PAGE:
They would welcome that nuclear confrontation, not because they're pugnacious sorts and not because they want to rub Democrats' noses in it. Rather, it's because they believe we're past due for a public debate on the proper constitutional role of the Court.
Above all, they didn't want the president to send a signal with this nomination that he had abandoned his goal of picking a known originalist. Such a surrender could have a deterrent effect on future originalist judges working their way up through the system. It would also send the unmistakable signal that conservatives have unilaterally thrown in the towel over an issue that has motivated their grass roots like no other in the last 30 years.
When President Bush picked Judge Roberts, I was initially concerned that he was sending the signal of surrender then: that known originalists need not apply. Roberts was beyond qualified, but his judicial philosophy remained shrouded in mystery. In time, his early writings provided some comfort. I ended up cautiously optimistic that Roberts would be phenomenal, provided he didn't allow his reverence for stare decisis to outweigh his disdain for clearly unconstitutional precedent. Even after the hearings, however, we still don't know for sure.
With the Miers pick we have, at this point, another stealth candidate -- another conflict-avoidance solution. It appears that President Bush did not want to risk a confirmation fight, which is very disturbing because if he intends to make an impact in the balance of his term, other than in the War on Terror, he must be willing to fight Democrats on social and economic issues as well.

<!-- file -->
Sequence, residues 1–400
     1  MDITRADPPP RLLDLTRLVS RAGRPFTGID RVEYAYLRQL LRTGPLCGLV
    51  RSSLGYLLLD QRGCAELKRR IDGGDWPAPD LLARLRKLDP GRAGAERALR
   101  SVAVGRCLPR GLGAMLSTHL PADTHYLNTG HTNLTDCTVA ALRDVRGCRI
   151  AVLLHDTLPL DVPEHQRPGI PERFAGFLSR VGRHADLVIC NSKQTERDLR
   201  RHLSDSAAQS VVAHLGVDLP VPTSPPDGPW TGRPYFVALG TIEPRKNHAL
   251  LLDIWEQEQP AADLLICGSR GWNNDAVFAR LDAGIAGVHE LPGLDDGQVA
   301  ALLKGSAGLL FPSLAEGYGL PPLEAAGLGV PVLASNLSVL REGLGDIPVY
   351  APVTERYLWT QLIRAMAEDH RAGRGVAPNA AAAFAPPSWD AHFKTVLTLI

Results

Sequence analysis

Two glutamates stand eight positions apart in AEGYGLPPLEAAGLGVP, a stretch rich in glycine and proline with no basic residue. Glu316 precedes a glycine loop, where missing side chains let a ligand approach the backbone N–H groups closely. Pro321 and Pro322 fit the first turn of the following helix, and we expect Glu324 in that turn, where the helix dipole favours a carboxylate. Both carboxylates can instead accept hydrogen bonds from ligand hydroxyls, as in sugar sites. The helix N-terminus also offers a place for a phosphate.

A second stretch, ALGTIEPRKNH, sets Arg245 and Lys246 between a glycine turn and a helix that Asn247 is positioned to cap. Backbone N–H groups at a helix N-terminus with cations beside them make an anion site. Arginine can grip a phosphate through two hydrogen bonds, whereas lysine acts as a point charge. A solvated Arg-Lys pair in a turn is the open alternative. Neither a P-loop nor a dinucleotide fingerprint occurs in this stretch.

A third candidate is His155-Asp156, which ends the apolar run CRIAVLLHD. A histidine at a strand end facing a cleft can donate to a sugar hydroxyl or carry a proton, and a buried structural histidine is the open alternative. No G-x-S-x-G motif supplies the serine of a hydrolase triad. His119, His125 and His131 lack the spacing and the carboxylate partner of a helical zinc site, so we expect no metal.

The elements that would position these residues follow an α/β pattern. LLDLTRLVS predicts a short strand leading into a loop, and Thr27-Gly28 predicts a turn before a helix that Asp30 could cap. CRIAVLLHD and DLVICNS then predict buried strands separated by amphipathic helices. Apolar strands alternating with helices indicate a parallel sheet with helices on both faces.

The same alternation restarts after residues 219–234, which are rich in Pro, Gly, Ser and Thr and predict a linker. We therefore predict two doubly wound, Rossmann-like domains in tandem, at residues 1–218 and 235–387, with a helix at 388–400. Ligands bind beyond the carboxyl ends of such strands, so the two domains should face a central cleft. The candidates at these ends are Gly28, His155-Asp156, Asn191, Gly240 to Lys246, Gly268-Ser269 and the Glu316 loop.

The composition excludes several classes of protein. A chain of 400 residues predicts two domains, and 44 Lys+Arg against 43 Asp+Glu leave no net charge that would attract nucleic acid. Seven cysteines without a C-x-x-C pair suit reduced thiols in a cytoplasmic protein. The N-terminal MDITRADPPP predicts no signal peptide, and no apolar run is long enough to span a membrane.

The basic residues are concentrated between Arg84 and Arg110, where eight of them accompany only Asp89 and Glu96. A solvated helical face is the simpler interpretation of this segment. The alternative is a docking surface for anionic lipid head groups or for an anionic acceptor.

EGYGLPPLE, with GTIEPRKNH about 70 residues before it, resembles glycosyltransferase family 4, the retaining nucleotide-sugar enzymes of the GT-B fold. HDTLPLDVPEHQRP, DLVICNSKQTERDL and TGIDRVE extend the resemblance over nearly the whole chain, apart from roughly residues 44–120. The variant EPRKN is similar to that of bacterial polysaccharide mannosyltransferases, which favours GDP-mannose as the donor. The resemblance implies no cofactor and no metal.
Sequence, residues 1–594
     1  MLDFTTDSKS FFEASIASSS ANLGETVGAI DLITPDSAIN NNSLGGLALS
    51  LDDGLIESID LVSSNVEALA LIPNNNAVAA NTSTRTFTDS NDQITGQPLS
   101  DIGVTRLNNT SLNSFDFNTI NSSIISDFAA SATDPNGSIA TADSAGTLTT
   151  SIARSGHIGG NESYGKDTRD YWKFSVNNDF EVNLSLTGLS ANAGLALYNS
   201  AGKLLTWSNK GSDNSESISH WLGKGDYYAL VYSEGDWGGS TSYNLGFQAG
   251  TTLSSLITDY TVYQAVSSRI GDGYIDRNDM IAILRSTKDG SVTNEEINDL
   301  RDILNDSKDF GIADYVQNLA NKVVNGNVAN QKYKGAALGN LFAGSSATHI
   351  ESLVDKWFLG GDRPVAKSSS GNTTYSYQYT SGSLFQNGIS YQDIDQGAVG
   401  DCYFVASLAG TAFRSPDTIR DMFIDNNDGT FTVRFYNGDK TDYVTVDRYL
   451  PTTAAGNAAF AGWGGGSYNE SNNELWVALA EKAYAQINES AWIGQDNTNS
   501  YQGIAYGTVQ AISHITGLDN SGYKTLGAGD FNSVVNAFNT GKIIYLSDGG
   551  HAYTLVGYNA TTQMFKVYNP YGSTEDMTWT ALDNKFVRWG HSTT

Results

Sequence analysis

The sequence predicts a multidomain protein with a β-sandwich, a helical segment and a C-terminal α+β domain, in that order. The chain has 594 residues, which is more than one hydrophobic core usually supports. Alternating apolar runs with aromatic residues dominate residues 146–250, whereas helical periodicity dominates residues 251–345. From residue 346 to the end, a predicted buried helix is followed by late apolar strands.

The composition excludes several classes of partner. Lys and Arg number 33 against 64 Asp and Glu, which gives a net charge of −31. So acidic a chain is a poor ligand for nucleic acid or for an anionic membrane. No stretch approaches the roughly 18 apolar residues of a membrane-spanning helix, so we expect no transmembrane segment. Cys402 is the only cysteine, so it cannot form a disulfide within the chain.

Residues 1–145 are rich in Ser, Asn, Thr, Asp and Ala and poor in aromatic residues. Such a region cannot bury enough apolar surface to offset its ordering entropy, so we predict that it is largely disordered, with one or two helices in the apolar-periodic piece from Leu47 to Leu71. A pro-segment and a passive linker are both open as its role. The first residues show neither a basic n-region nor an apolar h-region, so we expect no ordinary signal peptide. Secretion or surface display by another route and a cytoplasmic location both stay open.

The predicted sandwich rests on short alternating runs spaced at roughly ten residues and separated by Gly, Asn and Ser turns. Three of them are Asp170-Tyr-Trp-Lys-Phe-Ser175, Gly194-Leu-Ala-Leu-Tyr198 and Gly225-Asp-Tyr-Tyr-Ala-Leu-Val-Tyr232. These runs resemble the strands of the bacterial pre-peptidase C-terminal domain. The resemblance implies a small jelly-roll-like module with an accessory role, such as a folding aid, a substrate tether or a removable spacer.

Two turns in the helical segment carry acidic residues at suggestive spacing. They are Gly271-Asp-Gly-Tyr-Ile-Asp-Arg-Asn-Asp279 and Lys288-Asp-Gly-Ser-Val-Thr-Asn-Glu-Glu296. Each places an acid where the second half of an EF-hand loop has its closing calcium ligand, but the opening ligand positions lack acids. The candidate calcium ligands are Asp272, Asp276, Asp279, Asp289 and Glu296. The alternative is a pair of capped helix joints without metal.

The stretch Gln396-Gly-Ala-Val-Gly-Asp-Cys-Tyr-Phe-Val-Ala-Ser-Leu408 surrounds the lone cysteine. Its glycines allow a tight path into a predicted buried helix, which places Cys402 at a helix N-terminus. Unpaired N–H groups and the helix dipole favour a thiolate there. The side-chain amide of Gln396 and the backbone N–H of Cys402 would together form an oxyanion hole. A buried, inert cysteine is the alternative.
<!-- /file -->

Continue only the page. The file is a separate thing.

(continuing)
Indeed, the best insurance he has to guard against a lackluster second term is to approach all problems the way he has handled the War on Terror: with firm resolve and strong leadership, putting principle over all other considerations.
Conversely, the surest way he can end his presidency with a whimper is to abandon conservative principles and veer to the mushy, lukewarm middle -- the perennial prescription of so-called centrists and "well-meaning" liberals. To the extent he's suffered in the polls lately, it's largely because he has veered left in certain areas, especially domestic spending.
While the Miers nomination has been disappointing to many conservatives, what's done is done. As long as she's qualified (she doesn't have to be the most qualified to be confirmed), the selection is a matter of the president's prerogative. In the meantime, I hope that President Bush can regroup and approach the balance of his presidency with the same confidence and determination he has shown in the War on Terror.
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